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Energy efficiency fast becoming the new black

Some time on Thursday, Mackay Sugar will flick the switch on its new $120 million co-generation plant and start supplying electricity to Queensland's regional power grid.

The country's second-biggest sugar miller plans to ramp up output, and by February it should be supplying almost a third of the electricity in the Mackay region, as well as powering its Racecourse Mill and adjacent refinery.

The plant will incinerate fibre left after crushing sugar cane, known as bagasse. Its power exports - expected to run 50 weeks a year - will reduce the region's coal-fired carbon dioxide emissions by about 200,000 tonnes a year, while earning the company renewable energy certificates and payment for the electricity itself.

"We anticipate a payback over approximately seven years," the company's business development manager, John Hodgson, said.

"We expect that this project will remove Mackay Sugar from the list of Australia's top carbon emitters" required to pay the carbon tax, he said.

The chief executive of the industry lobby group the Energy Efficiency Council, Rob Murray-Leach, said Australian companies are catching on that investments to improve energy productivity can deliver economic and environmental benefits.

Comments made at the recent Senate inquiry into electricity prices suggest politicians from all sides "are starting to understand that energy efficiency is the urgent and the easy way to deal with rising energy prices and carbon emissions," Mr Murray-Leach said.

Energy efficiency is fast becoming the new black if Australia's energy white paper released last week and the unveiling of the International Energy Agency's world energy outlook report on Monday are any guide.

“In the nation’s pursuit of energy affordability, climate change mitigation and energy security, energy productivity stands out as perhaps the single most cost-effective way to achieve these goals,” is how the government’s landmark energy report described it.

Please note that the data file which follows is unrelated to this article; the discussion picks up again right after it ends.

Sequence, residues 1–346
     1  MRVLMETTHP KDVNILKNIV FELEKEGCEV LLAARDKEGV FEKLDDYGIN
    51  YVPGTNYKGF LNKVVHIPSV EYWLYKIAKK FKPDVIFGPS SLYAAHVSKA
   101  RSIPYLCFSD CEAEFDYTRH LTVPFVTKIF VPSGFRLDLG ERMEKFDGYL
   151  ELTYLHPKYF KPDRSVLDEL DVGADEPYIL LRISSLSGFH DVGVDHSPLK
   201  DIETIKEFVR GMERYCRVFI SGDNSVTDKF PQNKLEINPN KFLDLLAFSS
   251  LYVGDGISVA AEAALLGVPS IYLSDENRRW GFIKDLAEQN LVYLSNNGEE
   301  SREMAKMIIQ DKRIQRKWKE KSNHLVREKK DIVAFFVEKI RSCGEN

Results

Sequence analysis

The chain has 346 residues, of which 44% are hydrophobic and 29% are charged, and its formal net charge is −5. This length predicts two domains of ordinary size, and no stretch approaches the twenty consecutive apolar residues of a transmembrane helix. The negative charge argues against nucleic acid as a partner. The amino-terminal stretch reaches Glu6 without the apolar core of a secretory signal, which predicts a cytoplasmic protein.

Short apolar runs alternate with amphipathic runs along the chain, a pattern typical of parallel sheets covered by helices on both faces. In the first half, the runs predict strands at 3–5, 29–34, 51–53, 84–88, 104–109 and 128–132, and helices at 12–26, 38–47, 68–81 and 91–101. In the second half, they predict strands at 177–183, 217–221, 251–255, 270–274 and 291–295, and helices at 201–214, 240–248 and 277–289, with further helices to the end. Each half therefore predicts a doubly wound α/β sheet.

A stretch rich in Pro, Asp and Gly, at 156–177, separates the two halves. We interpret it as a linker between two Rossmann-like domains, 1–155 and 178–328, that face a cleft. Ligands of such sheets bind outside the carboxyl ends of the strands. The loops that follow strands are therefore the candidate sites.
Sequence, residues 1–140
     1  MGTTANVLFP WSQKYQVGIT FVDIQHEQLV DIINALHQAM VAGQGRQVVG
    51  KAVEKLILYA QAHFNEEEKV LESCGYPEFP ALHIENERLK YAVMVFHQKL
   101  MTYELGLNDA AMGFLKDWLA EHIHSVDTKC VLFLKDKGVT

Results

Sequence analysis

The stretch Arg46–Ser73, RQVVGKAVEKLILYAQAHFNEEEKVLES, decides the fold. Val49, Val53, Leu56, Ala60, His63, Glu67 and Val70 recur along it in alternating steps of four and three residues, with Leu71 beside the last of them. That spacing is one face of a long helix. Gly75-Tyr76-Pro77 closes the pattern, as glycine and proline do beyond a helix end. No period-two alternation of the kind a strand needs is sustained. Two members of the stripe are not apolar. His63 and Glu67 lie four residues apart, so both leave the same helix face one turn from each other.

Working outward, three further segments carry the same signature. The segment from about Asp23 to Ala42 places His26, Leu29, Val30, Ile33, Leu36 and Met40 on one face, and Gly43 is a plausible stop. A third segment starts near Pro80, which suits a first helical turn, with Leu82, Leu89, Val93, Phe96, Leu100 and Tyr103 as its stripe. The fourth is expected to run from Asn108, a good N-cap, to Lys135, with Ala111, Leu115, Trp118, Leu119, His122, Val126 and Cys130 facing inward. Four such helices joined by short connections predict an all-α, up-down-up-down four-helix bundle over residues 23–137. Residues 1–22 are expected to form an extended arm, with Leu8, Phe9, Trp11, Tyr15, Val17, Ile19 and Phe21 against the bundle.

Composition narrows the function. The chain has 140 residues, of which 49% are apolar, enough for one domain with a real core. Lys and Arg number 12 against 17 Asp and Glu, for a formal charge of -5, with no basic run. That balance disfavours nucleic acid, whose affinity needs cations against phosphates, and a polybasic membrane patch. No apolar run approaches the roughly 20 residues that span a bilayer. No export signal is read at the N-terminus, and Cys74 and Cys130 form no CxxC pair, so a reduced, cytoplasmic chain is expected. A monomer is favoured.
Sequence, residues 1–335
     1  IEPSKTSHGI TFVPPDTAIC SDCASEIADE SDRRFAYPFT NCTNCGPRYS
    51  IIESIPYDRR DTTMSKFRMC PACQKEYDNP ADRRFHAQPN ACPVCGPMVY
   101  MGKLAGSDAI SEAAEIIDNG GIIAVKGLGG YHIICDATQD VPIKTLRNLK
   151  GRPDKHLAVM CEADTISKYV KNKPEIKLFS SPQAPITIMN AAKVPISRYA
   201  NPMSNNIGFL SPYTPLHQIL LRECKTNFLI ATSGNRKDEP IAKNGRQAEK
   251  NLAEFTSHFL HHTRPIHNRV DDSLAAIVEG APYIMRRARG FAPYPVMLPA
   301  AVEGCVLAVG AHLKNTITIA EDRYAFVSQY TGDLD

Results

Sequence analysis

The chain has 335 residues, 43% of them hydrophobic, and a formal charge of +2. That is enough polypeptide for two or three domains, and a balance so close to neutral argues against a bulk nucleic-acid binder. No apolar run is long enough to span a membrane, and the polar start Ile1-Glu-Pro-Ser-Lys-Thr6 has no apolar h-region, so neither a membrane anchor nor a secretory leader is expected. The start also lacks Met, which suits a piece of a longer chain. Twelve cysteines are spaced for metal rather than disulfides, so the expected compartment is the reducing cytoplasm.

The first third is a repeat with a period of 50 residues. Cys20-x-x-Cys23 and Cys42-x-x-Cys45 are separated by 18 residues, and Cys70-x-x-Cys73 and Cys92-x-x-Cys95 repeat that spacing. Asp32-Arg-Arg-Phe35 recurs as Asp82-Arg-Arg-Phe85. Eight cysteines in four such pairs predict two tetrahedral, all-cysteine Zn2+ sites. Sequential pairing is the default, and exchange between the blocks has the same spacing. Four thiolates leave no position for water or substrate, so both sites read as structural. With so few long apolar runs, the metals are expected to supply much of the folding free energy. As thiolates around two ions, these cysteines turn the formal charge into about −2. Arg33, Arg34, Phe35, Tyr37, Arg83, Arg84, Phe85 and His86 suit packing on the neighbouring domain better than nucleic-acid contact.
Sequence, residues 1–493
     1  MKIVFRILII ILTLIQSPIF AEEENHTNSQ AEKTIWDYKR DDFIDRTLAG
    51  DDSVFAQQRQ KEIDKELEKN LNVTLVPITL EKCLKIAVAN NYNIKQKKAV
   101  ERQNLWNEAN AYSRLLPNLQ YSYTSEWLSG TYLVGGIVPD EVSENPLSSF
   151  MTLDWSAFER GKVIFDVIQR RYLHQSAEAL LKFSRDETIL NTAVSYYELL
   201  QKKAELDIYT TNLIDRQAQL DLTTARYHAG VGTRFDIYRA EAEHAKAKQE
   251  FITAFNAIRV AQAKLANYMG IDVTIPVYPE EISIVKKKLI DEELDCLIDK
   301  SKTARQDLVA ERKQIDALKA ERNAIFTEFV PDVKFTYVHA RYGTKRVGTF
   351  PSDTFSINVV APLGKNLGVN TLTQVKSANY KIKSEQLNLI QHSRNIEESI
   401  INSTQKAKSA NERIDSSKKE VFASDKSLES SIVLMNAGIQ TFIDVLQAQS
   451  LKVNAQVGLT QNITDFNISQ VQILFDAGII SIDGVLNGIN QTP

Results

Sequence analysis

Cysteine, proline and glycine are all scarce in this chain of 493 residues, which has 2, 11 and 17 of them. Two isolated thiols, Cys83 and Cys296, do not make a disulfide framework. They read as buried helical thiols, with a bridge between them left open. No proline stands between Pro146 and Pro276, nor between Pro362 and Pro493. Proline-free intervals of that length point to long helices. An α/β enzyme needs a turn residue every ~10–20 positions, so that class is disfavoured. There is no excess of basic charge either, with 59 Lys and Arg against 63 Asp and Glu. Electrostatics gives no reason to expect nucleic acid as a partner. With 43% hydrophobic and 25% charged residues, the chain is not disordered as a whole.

While the paper did not go as far as the IEA and identify efficiency as an energy source, it represented a “big jump forward” from previous assessments including the draft version of the white paper released a year ago, Mr Murray-Leach said.

The IEA report identifies investments to get more from the same amount of energy. Actions such as mandating higher minimum fuel economy standards and spending on new lighting and heating equipment will account for 70 per cent of energy savings between now and 2035. By contrast, switching fuels such as to renewable energy, will supply only 12 per cent, the IEA said.

To be sure, the necessary investments won’t come cheap. Globally, they will cost $US11.8 trillion by 2035 - but they will generate savings of some $US23.4 trillion, the agency predicts.

The EEC’s Mr Murray-Leach said governments should step up to make efficiency efforts attractive, including by enabling companies and households to be paid by energy companies for savings they make, or so-called “negawatts”.

As companies such as Mackay Sugar demand less power from coal-fired power plants, energy suppliers can avoid making new investment in long-lived assets that are likely to become stranded, Mr Murray-Leach said.

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